15 Page 15 The proposed standard also requires the auditor to obtain an understanding of the company's cash management and treasury function to determine which cash accounts and other relationships with financial institutions to confirm. In addition, the proposed standard provides that the auditor should assess the risk of material misstatement due to error or fraud, including whether the risk is a significant risk, when selecting which cash accounts and other relationships to confirm. The auditor should not base his or her selection of cash accounts to confirm only on the reported balances of the cash accounts. There might be significant activity in, and risks associated with, a cash account that has an immaterial or zero balance. In addition, there might be other relationships with the financial institution, such as a significant unused line of credit. The AICPA Standard Form to Confirm Account Balance Information with Financial Institutions provides for confirming cash balances and loan account balances only. 29/ In addition, some financial institutions do not have the relationship management systems that provide the ability to confirm cash and other relationships using one confirmation request. Accordingly, confirmation requests for other relationships with the financial institutions might need to be sent separately from cash confirmation requests. Question 5. Is the requirement in the proposed standard to confirm cash and other relationships with financial institutions sufficiently clear and appropriate? If not, what changes should the Board make? Significant Risks The existing standard states, "[i]f the entity has entered into an unusual or complex transaction and the combined assessed level of inherent and control risk is high, the auditor should consider confirming the terms of the transaction with the other parties in addition to examining documentation held by the entity." 30/ In addition, the existing standard states, "[t]he auditor should consider 29/ See AU sec which states that "the AICPA Standard Form to Confirm Account Balance Information with Financial Institutions is designed to substantiate information that is stated on the confirmation request; the form is not designed to provide assurance that information about accounts not listed on the form will be reported." 30/ AU sec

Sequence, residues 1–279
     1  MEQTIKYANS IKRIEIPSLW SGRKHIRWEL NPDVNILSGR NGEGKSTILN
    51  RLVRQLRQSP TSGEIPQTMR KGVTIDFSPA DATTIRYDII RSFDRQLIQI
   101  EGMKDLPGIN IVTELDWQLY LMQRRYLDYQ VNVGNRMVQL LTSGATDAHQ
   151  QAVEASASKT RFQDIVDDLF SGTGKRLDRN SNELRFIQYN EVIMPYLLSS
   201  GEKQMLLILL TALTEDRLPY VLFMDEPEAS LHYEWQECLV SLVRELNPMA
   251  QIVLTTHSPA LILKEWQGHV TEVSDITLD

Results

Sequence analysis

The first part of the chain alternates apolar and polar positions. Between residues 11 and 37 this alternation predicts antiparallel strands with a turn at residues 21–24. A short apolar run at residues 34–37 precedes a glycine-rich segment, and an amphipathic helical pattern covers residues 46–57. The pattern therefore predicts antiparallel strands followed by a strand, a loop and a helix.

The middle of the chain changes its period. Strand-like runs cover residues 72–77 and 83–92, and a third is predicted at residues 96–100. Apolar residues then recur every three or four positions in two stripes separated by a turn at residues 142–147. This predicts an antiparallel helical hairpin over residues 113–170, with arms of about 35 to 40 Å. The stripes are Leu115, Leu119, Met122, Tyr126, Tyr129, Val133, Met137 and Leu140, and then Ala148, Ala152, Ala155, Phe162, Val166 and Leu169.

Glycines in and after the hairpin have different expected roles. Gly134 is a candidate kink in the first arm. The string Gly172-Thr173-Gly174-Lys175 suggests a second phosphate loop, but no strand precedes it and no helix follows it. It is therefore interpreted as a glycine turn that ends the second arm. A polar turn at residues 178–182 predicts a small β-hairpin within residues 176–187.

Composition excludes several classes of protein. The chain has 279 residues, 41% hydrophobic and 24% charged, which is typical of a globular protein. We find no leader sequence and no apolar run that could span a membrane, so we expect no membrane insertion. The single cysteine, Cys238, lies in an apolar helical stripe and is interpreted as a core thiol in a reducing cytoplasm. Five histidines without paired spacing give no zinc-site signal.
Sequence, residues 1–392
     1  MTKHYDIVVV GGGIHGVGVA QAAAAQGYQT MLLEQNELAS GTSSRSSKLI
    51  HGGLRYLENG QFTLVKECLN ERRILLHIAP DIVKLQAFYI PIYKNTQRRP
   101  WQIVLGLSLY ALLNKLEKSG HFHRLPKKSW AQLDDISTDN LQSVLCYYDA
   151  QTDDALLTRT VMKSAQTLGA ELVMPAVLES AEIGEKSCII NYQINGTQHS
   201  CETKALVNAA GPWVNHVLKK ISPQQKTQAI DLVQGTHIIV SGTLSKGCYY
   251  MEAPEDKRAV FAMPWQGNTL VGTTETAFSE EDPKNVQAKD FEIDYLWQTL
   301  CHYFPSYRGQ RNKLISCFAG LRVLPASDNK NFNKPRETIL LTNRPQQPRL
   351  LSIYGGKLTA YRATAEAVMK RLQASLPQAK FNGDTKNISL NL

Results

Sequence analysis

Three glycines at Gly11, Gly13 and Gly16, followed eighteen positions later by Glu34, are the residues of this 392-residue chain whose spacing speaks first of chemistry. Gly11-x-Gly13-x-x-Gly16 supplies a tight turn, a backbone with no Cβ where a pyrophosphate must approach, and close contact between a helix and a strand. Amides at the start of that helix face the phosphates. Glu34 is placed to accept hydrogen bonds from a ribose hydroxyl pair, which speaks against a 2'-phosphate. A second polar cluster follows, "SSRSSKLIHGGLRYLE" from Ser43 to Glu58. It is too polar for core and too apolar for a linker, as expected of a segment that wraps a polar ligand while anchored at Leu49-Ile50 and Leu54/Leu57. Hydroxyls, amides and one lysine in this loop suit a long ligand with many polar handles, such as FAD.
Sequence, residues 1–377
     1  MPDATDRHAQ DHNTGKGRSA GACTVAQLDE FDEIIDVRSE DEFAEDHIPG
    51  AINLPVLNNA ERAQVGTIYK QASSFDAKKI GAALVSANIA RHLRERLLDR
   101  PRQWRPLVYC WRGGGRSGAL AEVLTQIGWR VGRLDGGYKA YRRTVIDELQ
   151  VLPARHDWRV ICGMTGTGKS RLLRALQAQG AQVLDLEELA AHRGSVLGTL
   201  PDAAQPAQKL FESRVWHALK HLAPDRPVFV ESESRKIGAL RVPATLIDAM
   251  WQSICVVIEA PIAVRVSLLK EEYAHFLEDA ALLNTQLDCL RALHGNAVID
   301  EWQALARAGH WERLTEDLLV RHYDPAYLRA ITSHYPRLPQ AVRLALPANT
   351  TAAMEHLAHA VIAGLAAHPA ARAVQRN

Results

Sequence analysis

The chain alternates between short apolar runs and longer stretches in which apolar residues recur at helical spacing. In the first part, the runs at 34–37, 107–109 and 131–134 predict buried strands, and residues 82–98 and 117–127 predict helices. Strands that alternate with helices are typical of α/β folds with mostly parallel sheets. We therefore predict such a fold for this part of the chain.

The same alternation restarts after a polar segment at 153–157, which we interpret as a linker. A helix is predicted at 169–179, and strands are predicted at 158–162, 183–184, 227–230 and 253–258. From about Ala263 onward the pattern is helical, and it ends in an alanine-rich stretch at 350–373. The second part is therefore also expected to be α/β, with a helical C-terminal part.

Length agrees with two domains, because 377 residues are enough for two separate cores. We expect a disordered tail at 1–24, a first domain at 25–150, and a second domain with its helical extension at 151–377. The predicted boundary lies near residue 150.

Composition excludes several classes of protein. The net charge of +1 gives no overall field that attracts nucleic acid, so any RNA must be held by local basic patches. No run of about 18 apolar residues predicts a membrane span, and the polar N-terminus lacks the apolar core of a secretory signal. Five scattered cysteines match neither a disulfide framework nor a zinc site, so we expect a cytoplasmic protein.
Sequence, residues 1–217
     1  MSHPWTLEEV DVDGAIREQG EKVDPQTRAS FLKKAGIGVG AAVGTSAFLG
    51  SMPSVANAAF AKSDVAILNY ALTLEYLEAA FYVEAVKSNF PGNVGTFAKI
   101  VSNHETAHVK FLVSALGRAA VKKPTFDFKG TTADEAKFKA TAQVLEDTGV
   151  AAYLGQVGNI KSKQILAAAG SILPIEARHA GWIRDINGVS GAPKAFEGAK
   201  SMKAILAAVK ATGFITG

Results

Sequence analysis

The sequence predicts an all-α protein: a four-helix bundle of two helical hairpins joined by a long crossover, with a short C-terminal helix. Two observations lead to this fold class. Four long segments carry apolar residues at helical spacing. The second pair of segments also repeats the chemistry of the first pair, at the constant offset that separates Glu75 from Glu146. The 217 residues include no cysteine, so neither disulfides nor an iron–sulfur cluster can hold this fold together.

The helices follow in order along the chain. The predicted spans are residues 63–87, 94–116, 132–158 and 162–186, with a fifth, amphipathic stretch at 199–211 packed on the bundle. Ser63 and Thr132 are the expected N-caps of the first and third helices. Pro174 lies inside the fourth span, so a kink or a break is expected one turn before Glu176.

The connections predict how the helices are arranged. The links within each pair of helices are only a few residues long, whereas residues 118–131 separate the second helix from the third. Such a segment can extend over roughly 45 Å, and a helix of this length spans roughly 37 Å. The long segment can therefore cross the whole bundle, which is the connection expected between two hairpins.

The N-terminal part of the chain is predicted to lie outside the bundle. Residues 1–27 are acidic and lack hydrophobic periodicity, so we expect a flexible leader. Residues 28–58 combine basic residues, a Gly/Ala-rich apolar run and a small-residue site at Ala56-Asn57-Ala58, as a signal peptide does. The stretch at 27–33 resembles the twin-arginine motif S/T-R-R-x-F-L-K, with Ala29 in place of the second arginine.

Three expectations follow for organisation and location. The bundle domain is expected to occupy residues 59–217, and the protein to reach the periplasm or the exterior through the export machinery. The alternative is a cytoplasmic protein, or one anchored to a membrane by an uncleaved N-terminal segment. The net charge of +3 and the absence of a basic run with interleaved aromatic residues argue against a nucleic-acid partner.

16 Page 16 requesting confirmation of the terms of unusual agreements or transactions, such as bill and hold sales, in addition to the amounts." 31/ In the Concept Release, the Board asked whether the presumptively mandatory requirement to request confirmation of accounts receivable should be expanded to include the requirement for the auditor to request confirmation of the significant terms of complex or unusual agreements or transactions, including complex or unusual revenue transactions. Numerous commenters were not supportive of expanding the presumptively mandatory requirement to request confirmation beyond accounts receivable. A number of these commenters recommended that determining whether to use confirmation to obtain audit evidence should be a function of the auditor's risk assessment and judgment regarding the nature and extent of procedures necessary to obtain sufficient appropriate audit evidence. A few commenters indicated that if the Board decides to expand the requirement to request confirmation of significant complex or unusual agreements or transactions, it would be helpful for the Board to include an explanation of what constitutes significant complex or unusual agreements or transactions. Many commenters also did not support requiring confirmation procedures for other accounts, transactions, or agreements; however, most commenters suggested that a new standard focus on risks. Accordingly, the Board incorporated procedures to address the risk of material misstatement by requiring the auditor to perform confirmation procedures in response to significant risks that relate to the relevant assertions that can be adequately addressed by confirmation procedures. 32/ The proposed requirement should enhance the auditor's application of the standard because (1) the proposed risk assessment standards include factors that should be evaluated in determining which risks are significant risks 33/ and (2) the requirement to perform confirmation procedures 31/ AU sec / This requirement is applicable to significant risks associated with accounts other than receivables and cash, which are addressed in paragraphs 8 and 9, respectively, of the proposed standard. 33/ Paragraph 71 of PCAOB Proposed Auditing Standard, Identifying and Assessing Risks of Material Misstatement states, "[f]actors that should be evaluated in determining which risks are significant risks include: a. Whether the risk is a fraud risk;